Most readers will also be aware that, before the drastic reduction in the number of prefaces in the 'Gregorian Sacramentary' to about 10, many if not most Uses offered at least one preface for every single Mass. In the Corpus Praefationum (Brepols 1980), no fewer than four are provided for S Birinus alone.

S Birinus? He is a local saint who is currently in my mind because his festival is approaching. It used to be on December 3, but now it comes on December 5, and S Francis Xavier has sole possession of December 3. He ... Birinus ... set up his episcopium  at Dorchester on Thames, in the remains of a Roman town which sits astride the confluence of the Thames and the Thame, and the Roman road linking Calleva (Silchester) and Lactodurum (Towcester). 

It was in the Thames that S Birinus baptised King Cynegils of Wessex (635).

Incidentally ... or BTW ... the nut-cases who 'reformed' the Roman Rite in the 1960s chose to lay it down as an unbreakable rule that the Preface must never contain a request. Most earlier prefaces, however, did precisely that ... of the four prefaces for S Birinus, three contain requests. 

I give now the text (and a partial translation) of a Preface which seems to me to put a (red) 'literacy' toe inside an 'orality' door.

"VD ... aeterne Deus. Qui beatum Byrinum confessorem tuum nobis doctorem donare dignatus es, per quem a tenebris ignorantiae liberati, aeternae lucis fieri filii meruimus. Qui, quod ore docuit, exemplo monstravit, cuius vita moribus effulsit egregiis, atque miraculis illuxit. Quae etiam antiquis libris leguntur inscripta, etiam nova cotidie videntur in facto*. Cuius praesenti patrocinio gaudentes, tuam super nos praedicamus gratiam abundantur effusam. Per Christum."

[*Miracles read written in ancient books, even now are daily seen in deed.

A nice piece of Latin, yes? Deftly deployed alliteration?

The area had a significant Recusant population: Fr John Osman has beautified a tiny Victorian gothic church down by the river; you would need to travel far to find anything as lovely.

2 December 2023

Slaves and Togas

 So there I was, in the CODRINGTON LIBRARY, peering down at a Renaissancevolume, the Lumen Animae by Matthias Farinator. Not that I had theleast interest in that: I was more taken by its owner.

But I am jumping ahead rather. Why should I be in the splendid CODRINGTON LIBRARY of All Souls College? My quarry was Master Patrick Holyborton, Rector of Lifton in the Diocese of Exeter, whom I was researching and who had owned the book. You (and I) would probably spell his name Haliburton. And why am writing about him now, decades later?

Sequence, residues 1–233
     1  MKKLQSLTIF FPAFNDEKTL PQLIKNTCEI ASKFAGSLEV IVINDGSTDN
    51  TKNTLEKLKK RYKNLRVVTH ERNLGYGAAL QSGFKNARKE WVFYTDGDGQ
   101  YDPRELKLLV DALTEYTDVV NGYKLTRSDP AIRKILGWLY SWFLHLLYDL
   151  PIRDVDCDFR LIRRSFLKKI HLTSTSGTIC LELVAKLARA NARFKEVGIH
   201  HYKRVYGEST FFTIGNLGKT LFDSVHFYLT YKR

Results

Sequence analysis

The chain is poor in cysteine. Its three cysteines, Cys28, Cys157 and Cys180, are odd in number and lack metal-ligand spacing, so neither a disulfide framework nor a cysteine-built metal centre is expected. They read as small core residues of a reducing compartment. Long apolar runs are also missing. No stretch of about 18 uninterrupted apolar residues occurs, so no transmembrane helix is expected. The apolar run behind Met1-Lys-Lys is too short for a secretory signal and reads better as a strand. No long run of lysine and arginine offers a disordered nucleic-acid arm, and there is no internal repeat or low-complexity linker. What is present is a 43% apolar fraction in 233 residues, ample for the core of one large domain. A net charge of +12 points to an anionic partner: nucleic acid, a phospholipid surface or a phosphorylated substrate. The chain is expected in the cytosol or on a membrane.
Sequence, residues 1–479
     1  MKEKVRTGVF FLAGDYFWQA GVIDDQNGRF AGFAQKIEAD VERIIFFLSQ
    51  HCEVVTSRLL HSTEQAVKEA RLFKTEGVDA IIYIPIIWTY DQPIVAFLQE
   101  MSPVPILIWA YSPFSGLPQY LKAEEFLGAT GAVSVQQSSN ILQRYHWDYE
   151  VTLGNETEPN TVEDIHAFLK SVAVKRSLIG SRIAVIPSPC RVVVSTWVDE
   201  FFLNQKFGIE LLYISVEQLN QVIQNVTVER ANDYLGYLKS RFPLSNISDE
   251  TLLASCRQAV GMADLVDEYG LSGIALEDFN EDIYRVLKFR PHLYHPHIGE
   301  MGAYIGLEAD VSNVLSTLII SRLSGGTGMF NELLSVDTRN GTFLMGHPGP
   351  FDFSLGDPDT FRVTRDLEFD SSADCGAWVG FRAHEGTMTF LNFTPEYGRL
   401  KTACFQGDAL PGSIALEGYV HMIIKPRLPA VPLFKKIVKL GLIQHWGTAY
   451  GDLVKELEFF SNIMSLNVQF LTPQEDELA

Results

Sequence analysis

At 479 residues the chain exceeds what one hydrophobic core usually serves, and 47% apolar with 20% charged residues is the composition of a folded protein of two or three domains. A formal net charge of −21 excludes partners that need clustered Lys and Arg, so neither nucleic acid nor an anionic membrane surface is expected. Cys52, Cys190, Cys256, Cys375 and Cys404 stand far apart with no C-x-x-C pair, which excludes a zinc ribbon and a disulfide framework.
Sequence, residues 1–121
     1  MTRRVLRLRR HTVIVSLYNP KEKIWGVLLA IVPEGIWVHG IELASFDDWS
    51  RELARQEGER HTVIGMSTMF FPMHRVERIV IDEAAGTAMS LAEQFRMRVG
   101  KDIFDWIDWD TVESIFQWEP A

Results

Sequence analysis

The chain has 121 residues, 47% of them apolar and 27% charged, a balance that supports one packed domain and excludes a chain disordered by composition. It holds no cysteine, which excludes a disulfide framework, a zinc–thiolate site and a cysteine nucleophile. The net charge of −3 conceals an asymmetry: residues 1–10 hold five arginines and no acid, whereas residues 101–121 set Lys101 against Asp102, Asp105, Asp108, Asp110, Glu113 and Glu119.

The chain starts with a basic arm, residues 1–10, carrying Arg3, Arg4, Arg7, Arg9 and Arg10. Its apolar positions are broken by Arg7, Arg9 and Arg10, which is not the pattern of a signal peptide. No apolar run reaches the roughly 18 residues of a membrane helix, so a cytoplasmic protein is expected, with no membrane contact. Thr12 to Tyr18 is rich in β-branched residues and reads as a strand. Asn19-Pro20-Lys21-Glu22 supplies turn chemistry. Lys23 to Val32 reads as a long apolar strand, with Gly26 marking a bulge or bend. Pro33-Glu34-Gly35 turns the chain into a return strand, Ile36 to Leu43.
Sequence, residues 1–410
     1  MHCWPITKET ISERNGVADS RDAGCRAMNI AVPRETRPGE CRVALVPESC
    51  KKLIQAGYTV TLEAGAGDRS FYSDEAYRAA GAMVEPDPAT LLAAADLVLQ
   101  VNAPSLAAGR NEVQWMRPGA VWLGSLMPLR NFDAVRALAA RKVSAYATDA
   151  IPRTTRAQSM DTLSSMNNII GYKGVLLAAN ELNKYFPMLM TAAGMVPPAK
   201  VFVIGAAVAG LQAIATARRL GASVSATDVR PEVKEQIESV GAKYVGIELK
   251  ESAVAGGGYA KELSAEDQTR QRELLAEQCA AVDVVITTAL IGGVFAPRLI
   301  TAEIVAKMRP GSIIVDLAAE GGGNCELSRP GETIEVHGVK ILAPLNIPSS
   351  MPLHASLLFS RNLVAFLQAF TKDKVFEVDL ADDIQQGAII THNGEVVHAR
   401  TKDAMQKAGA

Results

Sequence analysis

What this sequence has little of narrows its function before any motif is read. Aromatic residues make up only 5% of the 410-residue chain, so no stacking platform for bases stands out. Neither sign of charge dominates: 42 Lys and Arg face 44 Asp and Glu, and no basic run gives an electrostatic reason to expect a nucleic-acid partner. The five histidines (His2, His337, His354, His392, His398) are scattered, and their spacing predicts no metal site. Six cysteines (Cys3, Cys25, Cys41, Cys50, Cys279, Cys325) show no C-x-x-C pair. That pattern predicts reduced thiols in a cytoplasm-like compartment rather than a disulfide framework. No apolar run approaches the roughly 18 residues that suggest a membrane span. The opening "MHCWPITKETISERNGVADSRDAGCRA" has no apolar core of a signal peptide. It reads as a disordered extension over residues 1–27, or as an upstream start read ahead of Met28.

two or three weeks ago, the Saturday Times Newspaper suggested some jolly, autumnal, walks; and it caught my eye that one such walk was Gullane and Dirleton, East Lothian. And Dirleton was the seat, centuries ago, of a minor boble family, the Haliburtons of Dirleton. Andso Dirleton was where Master Patrick came from! And I had never been there!

Well, I'm too old and ill now. But things stick with one. Master Patrick was a follower of the Ninth Earl of Douglas, who had to flee to England after his defeat by James II of Scots. After an advantageous marriage to an English heiress, Douglas found himself in the upper circles of Yorkist England, and was able to reward adherents ... such as Haliburton. And the volume (one of only two identified volumes from Haliburton's library) revealed that he had been Archdeacon of Totnes. This was new information: the records of the Diocese are rather lacunose at this point. The next Archdeacon was collated in 1491 ... so what happened to Master Patrick, who seems to go absent about thenfrom the Chapter records?

Here I had another spot of luck. An Exeter Cathedral inventory survives of 1506: and it lists "two sudaria of violet or purple colour, of the gift of Patrick Holyborton, which he brought (portavit) from the Holy Land Jerusalem". [I think sudaria means humeral veils.]

So that's where he was during the missing year.

And here was I, musing occasionally on the statue of SIR CHRISTOPHER CODDRINGTON, who was presiding over the whole splendid architectural extravaganza dressed like a member of the Roman elite.

CODRINGTON ... I don't think I 've mentioned this ... is currently under a bit of a shadow. His fortune was, we are informed, based on the Slave Trade. I'm not sure if his library still bears his name. Or, if it does, how much longer it will be allowed to do so. If you go to admire is Library, I hope you you will keep mentioning his name ...

BTW: It's only a (slightly long) Stone's throw to the Oriel statue of Rhodes, and his Chronogram.

1 December 2023